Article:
In the course of his career, Grégoire has composed the music for numerous award-winning Québec films, including Exit (1986), T’es belle Jeanne (1988), Cruising Bar (1989) and L’enfant d’eau (1995), by Robert Ménard; Les Bottes (1987), a medium-length film by Michel Poulette that earned Grégoire his first Prix Gémeaux; Being at Home with Claude (1992), the music for which earned him a Genie Award, Shehaweh (1992), for which he won another Prix Gémeaux; Souvenirs intimes (1999), by Jean Beaudin; Léolo (1992), by Jean-Claude Lauzon; Octobre (1994), by Pierre Falardeau; and C’était le 12 du 12 et Chili avait les blues (1994) and Le cœur au poing (1998), by Charles Binamé. However, Grégoire became best known to the general public for his music for the television series Les filles de Caleb, which ran on Radio-Canada in 1990–91 (as well as in France, in 1992–93, under the title Émilie, la passion d’une vie).
In a 1996 interview, Grégoire recalled that when the production house Cité Amérique approached him about writing the music for Les filles de Caleb, he was heavily involved in a musical project that involved travelling back and forth between Montréal and Toronto. But his wife, who had read the novel by Arlette Cousture on which the series was based, reminded him how large Les Filles de Caleb loomed in the Québec imagination and insisted that he consider the opportunity. In creating his demo music, Grégoire therefore drew his inspiration from the summary of the plot and the psychological portraits of the characters that his wife had given him. Far from trying to please the selection committee at any cost, Grégoire submitted his demo without any particular expectations. Much to his surprise, he was chosen for the composing assignment. The series, directed by Jean Beaudin, became an enormous success on Québec television; its music earned Grégoire both a Félix Award and a Prix Gémeaux in 1991.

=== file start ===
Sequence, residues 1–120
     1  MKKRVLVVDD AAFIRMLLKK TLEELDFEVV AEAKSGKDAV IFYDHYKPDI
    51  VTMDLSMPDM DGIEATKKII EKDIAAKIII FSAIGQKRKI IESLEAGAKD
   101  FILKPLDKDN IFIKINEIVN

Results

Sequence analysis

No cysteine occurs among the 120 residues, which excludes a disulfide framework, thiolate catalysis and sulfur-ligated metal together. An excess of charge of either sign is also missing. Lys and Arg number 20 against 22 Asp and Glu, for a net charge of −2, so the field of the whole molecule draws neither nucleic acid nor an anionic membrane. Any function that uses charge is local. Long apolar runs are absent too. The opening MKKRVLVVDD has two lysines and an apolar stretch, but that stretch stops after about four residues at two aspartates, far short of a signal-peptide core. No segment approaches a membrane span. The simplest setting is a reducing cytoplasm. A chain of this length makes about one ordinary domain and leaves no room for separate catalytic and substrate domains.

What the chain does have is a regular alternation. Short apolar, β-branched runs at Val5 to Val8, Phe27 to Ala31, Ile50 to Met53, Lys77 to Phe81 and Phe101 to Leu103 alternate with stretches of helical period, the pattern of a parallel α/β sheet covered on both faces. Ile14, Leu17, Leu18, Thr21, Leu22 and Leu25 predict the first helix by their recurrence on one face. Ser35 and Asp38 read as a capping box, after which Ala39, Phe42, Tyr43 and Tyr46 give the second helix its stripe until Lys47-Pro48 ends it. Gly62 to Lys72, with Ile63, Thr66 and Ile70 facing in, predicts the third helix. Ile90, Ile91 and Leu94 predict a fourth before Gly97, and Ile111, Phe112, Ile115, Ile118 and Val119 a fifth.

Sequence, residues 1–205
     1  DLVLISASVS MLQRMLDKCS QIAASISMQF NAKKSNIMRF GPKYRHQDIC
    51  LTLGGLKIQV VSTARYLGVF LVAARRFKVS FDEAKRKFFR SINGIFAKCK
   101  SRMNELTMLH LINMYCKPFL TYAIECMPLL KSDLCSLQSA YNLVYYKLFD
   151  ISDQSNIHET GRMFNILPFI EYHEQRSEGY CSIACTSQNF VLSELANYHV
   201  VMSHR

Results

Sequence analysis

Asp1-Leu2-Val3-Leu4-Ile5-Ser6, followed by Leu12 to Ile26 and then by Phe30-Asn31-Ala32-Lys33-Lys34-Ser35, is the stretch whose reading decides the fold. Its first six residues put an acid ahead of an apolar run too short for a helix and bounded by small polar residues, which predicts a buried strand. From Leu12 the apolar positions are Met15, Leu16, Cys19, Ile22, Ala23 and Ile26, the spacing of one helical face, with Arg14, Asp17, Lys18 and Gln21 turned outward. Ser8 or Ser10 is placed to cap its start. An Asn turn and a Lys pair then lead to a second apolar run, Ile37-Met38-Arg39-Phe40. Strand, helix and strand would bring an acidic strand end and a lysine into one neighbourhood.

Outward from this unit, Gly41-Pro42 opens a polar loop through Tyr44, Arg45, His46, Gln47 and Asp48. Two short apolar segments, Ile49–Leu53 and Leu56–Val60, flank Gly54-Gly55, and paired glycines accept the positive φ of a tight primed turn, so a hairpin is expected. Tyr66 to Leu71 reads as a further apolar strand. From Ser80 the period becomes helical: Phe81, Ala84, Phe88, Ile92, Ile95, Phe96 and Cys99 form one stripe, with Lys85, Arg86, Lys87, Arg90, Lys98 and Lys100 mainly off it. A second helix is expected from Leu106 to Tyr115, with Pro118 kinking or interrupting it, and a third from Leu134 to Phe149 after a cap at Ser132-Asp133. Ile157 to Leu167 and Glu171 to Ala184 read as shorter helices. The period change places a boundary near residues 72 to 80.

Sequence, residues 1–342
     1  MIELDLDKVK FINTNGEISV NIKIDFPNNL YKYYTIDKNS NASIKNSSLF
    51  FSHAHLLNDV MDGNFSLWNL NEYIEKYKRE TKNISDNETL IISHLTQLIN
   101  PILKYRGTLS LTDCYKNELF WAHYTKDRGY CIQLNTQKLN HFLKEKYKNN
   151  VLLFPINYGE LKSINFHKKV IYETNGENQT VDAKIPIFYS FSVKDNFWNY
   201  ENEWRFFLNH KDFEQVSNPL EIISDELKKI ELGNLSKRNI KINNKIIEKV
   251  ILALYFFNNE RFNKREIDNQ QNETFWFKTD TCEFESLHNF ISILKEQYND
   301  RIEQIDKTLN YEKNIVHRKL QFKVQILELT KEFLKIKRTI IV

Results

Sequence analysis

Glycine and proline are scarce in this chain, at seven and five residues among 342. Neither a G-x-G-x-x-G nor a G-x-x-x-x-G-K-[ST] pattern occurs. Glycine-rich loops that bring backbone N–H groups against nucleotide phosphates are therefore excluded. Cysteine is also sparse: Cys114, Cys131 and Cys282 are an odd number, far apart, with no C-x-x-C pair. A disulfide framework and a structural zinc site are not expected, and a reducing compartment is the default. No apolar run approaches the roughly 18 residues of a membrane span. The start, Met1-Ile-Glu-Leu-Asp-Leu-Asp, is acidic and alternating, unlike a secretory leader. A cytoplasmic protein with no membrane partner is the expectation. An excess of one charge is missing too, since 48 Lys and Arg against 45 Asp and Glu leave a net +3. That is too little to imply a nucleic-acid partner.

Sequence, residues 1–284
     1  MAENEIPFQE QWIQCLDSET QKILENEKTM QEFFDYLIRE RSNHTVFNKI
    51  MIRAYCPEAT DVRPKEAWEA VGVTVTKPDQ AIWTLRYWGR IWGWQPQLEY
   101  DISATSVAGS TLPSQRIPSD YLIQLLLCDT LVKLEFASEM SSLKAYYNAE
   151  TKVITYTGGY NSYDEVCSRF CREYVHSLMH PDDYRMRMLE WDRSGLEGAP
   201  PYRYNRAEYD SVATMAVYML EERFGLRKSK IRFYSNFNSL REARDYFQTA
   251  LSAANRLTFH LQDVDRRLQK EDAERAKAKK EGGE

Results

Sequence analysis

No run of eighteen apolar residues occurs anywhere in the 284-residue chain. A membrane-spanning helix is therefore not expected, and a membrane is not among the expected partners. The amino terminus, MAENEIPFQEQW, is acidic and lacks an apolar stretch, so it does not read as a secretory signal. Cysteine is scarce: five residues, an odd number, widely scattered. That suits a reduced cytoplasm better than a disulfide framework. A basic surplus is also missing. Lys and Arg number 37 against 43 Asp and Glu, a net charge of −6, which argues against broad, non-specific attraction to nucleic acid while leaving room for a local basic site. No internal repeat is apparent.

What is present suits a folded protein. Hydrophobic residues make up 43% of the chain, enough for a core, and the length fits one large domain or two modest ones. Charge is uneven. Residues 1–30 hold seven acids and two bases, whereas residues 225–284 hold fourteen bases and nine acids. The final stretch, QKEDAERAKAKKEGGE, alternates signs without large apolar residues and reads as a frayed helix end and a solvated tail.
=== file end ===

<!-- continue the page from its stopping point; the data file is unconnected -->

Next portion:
In his creative process, Richard Grégoire has always placed great stress on atmosphere, which he regards as the crucial link in a composition. Drawing inspiration from the period in which a work is set (Marguerite Volant) or the psychology of its characters (L’enfant d’eau), he has shown a remarkable talent for manipulating and combining a variety of soundscapes.
Awards and Recognition
From the late 1970s on, Richard Grégoire became one of the most important Québec composers of music for films. When he retired in 2004, he received the Prix Hommage, a lifetime achievement award, at the Jutra Awards (now the Gala du cinema québécois) for his contribution to the Québec film industry. Every year since 2006, the Foundation of the SPACQ (professional society of songwriters and composers of Québec) has presented the Richard Grégoire Award to recognize a composer of music for film or television.